Carnegie Observatories Astrophysics Series, Vol. 1:
Coevolution of Black Holes and Galaxies, 2003
ed. L. C. Ho (Pasadena: Carnegie Observatories,

Detection of the Direction of the Rotation of the Accretion Disk or Spinning Black Hole

K. Asada 1,2,3, M. INOUE 2, Y. UCHIDA 3, and S. KAMENO 2

(1) Grad. Univ. for Advanced Studies, Tokyo,
(2) National Astronomical Observatory, Tokyo,
(3) Tokyo University of Science, Tokyo, Japan

Abstract: We show the direction of accretion disk around the possible super massive black hole of 3C 273 or spinning supermassive black hole itself as clockwise based on the observed 3D structure of magnetic field in the jet of 3C 273. Using VLBA polarimetry, we derived distributions of Faraday Rotation Measure (RM) and projected magnetic field of 3C 273 jet. Based on a systematic gradient across the jet of RM and the projected magnetic field, the helical magnetic field is revealed, which is suggested by MHD models. The sign of RM indicates the direction of the twist of the helical magnetic field as a right hand screw. If the observed helical magnetic field is wound up by the accretion disk around possible super-massive black hole, we can see the direction of the rotation.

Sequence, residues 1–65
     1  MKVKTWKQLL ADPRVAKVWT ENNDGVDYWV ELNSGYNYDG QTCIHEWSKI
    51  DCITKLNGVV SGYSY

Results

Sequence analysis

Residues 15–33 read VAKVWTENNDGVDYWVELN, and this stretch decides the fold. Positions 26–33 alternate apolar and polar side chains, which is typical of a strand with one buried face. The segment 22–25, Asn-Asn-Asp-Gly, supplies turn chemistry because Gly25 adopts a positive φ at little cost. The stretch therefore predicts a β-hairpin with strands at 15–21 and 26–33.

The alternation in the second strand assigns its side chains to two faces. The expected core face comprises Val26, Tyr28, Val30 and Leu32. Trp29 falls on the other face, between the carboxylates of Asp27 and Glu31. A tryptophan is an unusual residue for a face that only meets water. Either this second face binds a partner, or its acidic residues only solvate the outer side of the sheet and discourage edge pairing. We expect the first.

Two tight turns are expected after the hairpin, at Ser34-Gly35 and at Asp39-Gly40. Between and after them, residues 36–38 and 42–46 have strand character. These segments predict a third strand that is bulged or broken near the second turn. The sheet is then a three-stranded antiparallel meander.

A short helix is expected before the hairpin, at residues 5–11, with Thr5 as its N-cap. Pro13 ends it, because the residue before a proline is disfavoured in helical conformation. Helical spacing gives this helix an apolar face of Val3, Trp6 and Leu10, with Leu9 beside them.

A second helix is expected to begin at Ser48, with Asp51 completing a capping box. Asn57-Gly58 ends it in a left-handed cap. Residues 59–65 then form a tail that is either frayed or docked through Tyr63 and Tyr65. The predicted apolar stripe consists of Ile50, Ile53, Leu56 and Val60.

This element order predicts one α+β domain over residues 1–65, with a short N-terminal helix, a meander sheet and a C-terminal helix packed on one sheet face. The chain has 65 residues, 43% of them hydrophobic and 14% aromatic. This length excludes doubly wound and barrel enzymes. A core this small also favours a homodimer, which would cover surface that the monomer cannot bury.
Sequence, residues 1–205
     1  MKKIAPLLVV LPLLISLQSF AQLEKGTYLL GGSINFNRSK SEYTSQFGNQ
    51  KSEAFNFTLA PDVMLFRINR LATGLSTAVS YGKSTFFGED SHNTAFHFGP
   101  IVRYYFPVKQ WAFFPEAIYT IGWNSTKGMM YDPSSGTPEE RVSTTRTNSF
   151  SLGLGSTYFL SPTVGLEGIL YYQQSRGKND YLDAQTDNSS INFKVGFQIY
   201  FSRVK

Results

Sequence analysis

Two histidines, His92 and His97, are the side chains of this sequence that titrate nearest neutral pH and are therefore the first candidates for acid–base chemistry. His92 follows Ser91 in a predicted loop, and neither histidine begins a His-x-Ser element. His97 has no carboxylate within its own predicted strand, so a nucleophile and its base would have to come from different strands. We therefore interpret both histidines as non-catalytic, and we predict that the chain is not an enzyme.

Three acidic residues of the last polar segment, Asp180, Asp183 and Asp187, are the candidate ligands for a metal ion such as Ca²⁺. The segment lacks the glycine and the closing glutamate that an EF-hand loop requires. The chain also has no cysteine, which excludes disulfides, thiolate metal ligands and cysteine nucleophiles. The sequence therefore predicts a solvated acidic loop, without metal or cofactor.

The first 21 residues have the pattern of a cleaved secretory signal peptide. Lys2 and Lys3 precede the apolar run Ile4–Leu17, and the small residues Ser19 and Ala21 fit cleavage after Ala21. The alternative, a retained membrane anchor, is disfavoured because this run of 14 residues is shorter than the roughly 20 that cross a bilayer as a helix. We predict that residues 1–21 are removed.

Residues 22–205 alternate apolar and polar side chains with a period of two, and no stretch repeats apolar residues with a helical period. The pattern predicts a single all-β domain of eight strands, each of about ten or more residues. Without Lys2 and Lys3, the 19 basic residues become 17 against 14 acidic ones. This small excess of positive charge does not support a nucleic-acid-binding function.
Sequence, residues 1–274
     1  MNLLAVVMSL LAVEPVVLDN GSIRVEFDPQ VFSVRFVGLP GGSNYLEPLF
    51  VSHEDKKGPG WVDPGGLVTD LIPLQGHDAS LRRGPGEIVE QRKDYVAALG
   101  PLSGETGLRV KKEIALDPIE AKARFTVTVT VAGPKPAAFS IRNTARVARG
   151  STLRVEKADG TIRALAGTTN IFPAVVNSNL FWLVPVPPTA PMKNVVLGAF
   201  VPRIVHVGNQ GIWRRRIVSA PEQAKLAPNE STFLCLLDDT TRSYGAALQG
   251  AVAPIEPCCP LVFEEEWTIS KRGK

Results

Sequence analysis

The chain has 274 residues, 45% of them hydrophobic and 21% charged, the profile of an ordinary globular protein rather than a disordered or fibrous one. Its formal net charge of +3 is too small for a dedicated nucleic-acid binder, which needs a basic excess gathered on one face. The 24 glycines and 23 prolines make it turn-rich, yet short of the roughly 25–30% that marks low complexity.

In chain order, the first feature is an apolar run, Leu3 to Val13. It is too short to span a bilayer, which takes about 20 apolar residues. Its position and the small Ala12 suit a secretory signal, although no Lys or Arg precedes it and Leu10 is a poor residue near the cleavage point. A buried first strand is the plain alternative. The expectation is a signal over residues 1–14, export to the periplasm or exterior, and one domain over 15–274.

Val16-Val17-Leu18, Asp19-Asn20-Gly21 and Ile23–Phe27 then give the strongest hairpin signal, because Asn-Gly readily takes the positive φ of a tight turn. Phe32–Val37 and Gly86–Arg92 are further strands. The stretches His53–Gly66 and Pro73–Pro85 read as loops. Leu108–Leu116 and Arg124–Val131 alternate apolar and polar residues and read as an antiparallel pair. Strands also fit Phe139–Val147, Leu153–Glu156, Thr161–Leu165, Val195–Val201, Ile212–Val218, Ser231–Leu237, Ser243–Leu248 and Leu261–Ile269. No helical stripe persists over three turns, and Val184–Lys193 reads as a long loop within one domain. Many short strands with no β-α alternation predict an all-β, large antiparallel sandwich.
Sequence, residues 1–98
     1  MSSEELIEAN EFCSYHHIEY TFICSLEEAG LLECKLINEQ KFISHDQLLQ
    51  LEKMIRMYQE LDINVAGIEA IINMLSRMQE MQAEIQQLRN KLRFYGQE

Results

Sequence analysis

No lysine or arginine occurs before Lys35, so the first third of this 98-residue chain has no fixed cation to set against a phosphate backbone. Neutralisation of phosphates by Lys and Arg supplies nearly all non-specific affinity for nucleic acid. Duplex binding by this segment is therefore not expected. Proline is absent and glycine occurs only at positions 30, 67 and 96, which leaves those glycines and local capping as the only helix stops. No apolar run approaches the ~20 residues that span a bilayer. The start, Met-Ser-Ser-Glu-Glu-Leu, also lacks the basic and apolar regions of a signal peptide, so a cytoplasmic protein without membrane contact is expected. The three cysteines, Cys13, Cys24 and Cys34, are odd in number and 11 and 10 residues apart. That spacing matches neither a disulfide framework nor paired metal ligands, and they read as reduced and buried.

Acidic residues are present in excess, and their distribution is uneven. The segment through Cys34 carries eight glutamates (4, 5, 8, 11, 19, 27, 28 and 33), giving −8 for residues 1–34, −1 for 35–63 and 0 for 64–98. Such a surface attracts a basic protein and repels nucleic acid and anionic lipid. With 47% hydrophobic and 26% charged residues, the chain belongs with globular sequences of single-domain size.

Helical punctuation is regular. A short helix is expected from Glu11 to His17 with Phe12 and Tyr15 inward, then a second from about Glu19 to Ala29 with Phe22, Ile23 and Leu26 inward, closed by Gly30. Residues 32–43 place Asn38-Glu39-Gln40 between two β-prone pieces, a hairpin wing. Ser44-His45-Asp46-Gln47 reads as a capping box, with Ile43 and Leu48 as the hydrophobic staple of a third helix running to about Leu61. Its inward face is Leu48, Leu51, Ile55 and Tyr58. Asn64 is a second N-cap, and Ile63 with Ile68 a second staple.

1.1. Introduction

It is well known that jets from AGN keep narrow and well-collimated structure. In the theoretical points of view, the helical magnetic field is proposed by magnetohydrodynamic (MHD) model (e.g., Meier et al. 2001) and it is thought that helical magnetic field plays an important role of the formation and collimation of AGN jets. The helical magnetic field is wound up by the accretion disk around possible super-massive black hole or spinning black hole itself. If we find the helical magnetic field predicted by MHD models, we can investigate unobservable inside feature, such as the direction of the accretion disk or spinning black hole itself, from observable outside structure of the magnetic field in the jet.

To investigate the 3D structure of the magnetic field, a detailed analysis of both the RM and the polarization angle (PA) should be useful. For this aim, we analyzed polarimetric observations of the 3C 273 jet based on archival VLBA data.

The well-known quasar 3C 273, at a redshift of z = 0.158, is one of the brightest quasars. For a Hubble constant of H0 = 100 km s-1 Mpc-1, and a deceleration parameter of q0 = 0.5, an angular resolution of one milli-arcsecond (mas) corresponds to a linear resolution of 1.86pc. Jet components in 3C 273 display superluminal motion (Cohen et al. 1971), with apparent proper motion speeds of 4.9 to 7.7c derived from VLBI monitoring observations (Abraham et al. 1996). VLBI polarimetric observations have established that jet of 3C 273 is highly polarized (Roberts et al. 1990), which make it suitable for Rotation Measure (RM) studies.